Tramadol won’t show up on a standard drug test. But Tramadol does show up on drug testing for prescription medications. More on the types of drug tests that might be used to detect tramadol here.
Dangers of Tramadol include serious side effects, drug interactions, overdose or addiction (especially when not taken as prescribed). Plus, you can die or experience serious side effects of Tramadol if you are diagnosed with certain medical conditions, which we explore in more detail here.
Tramadol withdrawal includes typical withdrawal symptoms such as runny nose and muscles aches. But in 1 of 8 cases, symptoms are atypical. Who’s at risk of these symptoms which affect the central nervous system? And what can you expect during Tramadol withdrawal? More here.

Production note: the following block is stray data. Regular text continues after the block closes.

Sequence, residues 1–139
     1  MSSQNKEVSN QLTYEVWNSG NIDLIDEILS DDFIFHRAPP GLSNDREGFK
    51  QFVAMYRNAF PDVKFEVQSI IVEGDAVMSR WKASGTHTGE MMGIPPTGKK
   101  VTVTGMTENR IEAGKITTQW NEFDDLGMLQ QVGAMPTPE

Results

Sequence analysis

Yes. Long term use of Tramadol can cause seizures in a general population. And some drugs that reduce the metabolic clearance of Tramadol can trigger a seizure. But some people seem to be more at risk of seizures when on Tramadol. Learn more here.
No, Tramadol does not have codeine or opiates in it. Tramadol is similar to codeine, but it is a synthetic drug. In fact, Tramadol acts like an opiate but is called an opioid. More on Tramadol ingredients here.
Tramadol action time varies by dose and route of administration. If you are in pain, we offer an explanation of when you can expect Tramadol to work here.
Can Tramadol cause euphoria? Yes. But it rarely does. In fact, Tramadol is thought to reduce risk of drug addiction to prescription pills. More on how Tramadol works and how it can get you high here.
Tramadol use is medically indicated for pain relief of many medical conditions. Learn how, when and why doctors prescribe Tramadol, and why people are starting to use Tramadol recreationally here. Plus, discuss possible Tramadol addiction symptoms in our comment section.